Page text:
The Filter recently secured another round of financing worth USD 5 million. Not too long ago MyStrands secured a massive USD 25 million. And today's job announcement on the music-ir mailing list sounds like BMAT has started to build their own social music recommendation web site, too. Btw, wouldn't it make sense for BMAT and MyStrands to work together? Anyway, that's just a tiny sample of all the companies working on music recommendations, some of the startups seem very promising.

There’s still a very long way to go. But with every step forward, music listeners will find it easier to discover new artists. And artists will find it easier to find an audience. (Btw, if you use Last.fm you might notice some larger steps forward in the next months.)

It's amazing how much has happened since 2001 (when I finished my Master thesis on a related topic). It’s fun to be working in such a dynamic environment. And it's never been easier to discover amazing music.
 

Sunday, 26 August 2007

ISMIR: Short List of Papers

I just compiled my short list of papers I don’t want to miss at ISMIR 2007 which starts in about 4 weeks. Of course I’m interested in all papers, but if I run out of time while exploring posters, or need to choose between different sessions, I’ll prefer the ones listed here.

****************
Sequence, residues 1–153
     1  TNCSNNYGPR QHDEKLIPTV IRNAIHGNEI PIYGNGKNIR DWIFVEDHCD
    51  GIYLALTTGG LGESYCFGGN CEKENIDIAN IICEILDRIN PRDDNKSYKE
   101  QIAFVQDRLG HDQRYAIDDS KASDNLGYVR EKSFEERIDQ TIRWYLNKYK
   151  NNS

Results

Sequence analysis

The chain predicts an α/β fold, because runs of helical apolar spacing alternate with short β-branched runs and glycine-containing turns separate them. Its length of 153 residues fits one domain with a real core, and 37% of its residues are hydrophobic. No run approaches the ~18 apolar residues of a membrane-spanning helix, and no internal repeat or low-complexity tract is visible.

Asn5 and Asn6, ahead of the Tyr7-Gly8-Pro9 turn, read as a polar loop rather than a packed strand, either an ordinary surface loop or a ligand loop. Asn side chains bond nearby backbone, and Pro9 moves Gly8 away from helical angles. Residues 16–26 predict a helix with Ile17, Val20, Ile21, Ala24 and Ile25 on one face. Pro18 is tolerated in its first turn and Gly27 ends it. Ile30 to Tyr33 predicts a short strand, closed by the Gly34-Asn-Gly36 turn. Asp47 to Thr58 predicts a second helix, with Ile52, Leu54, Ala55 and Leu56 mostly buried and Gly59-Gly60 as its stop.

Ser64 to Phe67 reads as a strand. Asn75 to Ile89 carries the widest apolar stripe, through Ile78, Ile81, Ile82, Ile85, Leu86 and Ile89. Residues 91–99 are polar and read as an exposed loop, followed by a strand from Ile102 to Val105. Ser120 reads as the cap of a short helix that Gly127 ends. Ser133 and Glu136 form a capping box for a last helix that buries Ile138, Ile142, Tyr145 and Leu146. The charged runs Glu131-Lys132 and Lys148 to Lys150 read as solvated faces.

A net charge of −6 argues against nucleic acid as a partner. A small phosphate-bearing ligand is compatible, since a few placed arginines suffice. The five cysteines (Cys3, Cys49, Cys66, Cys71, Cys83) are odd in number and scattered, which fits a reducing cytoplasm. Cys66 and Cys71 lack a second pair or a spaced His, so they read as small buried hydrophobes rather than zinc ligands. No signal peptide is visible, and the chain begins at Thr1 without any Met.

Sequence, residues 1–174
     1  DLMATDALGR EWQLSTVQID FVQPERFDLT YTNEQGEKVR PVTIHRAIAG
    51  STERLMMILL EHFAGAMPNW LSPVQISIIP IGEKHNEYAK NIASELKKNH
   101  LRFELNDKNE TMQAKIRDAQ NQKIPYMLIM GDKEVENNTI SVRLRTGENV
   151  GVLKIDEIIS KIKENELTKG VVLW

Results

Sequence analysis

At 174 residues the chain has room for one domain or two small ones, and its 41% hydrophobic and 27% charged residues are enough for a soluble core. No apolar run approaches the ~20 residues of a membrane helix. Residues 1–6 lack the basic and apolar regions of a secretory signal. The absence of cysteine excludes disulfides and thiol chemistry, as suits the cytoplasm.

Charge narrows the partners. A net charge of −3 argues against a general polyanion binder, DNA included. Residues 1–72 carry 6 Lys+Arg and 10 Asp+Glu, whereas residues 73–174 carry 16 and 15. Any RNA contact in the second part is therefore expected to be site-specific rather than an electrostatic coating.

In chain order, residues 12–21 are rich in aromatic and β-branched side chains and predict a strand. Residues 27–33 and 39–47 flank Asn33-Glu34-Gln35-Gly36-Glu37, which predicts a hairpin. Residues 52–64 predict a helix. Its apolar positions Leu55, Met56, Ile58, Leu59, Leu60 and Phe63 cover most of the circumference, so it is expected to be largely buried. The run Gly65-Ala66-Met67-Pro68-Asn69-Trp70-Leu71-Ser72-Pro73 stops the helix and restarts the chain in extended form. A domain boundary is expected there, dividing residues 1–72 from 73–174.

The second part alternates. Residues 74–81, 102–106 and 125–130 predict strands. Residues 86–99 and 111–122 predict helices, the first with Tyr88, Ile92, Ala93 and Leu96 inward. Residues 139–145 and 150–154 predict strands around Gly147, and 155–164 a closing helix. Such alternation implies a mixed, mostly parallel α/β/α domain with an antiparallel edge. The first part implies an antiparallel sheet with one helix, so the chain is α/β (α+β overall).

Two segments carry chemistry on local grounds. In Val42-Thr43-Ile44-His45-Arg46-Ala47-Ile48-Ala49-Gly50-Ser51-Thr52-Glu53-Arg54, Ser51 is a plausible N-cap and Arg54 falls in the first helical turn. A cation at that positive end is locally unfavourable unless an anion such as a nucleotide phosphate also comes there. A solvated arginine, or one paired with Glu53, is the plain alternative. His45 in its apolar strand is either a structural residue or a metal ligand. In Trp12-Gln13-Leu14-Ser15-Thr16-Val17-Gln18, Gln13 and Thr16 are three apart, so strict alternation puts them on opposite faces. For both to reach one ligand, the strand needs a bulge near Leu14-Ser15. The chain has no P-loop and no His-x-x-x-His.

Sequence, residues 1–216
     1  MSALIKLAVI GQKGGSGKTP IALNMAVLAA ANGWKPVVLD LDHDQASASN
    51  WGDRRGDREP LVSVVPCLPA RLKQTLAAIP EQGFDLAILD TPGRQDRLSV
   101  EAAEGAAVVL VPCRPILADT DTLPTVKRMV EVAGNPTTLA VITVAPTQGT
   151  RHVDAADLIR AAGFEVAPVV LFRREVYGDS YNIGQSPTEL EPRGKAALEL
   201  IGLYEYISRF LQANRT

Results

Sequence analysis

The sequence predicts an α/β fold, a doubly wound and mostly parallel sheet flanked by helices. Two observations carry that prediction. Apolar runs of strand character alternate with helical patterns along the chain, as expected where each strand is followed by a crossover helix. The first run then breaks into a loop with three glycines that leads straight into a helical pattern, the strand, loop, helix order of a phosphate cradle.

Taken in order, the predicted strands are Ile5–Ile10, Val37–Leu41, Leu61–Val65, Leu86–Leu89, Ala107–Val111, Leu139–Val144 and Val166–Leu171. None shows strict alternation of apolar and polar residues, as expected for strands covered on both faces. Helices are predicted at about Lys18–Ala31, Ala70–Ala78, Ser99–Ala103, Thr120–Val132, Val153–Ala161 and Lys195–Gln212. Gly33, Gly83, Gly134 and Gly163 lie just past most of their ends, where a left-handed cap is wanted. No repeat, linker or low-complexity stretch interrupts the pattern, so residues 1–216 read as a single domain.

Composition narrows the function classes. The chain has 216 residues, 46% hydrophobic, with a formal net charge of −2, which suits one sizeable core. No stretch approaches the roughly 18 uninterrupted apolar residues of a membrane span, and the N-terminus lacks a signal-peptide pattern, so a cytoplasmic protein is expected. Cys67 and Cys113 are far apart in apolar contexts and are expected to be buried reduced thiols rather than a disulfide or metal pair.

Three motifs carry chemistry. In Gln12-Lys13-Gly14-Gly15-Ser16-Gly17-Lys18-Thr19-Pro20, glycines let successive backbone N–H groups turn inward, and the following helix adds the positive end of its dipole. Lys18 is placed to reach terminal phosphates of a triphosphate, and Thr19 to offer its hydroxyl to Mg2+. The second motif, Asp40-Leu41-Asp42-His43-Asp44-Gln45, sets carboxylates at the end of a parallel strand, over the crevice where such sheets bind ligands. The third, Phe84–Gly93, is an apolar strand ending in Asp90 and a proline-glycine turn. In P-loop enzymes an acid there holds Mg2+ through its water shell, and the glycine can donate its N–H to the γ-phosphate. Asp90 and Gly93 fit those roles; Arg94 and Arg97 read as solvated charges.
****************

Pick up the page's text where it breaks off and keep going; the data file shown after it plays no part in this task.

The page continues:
Fuzzy Song Sets for Music Warehouses
To be honest, this is just on the list because given the title I don’t have the slightest clue what this paper is about. I know what fuzzy sets are thanks to Klaas. I’m guessing that a music warehouse is a synonym for a digital library of music. I wonder if the second part of the title got lost?

Music Clustering with Constraints
Another title that puzzles me. Seems like titles have been cut off a lot. They forgot to mention according to what they are clustering the music. Number of musical notes in a piece? AFAIK, most clustering algorithms have some form of constraints. For example, in standard k-means the number of clusters is constrained. When using GMMs it is very common to constrain the minimum variance of an individual Gaussian. Anyway, I’m into clustering algorithms, so this could be an interesting presentation.

Sequence Representation of Music Structure Using Higher-Order Similarity Matrix and Maximum-Likelihood Approach
The author of this one has done lots of interesting stuff in the past. I’m curious what he’s up to this time. Music structure analysis is definitely something very interesting that could be very useful in many ways.

Algorithms for Determining and Labelling Approximate Hierarchical Self-Similarity
Again at least one of the authors has have done very interesting stuff in the past and I’m really interested in music structure analysis.

Transposition-Invariant Self-Similarity Matrices
I’m only guessing but this one could be about self-similarity with respect to melody. (I’m guessing that the previous 2 are focusing on self-similarity with respect to timbre or chroma.) Melodic similarity is a lot harder than timbre similarity. I’m curious how they did it.

A Supervised Approach for Detecting Boundaries in Music Using Difference Features and Boosting
If I miss this presentation I might upset my coauthors ;-)

Automatic Derivation of Musical Structure: A Tool for Research on Schenkerian Analysis
I had to Google Schenkerian. It sounds interesting.

Improving Genre Classification by Combination of Audio and Symbolic Descriptors Using a Transcription System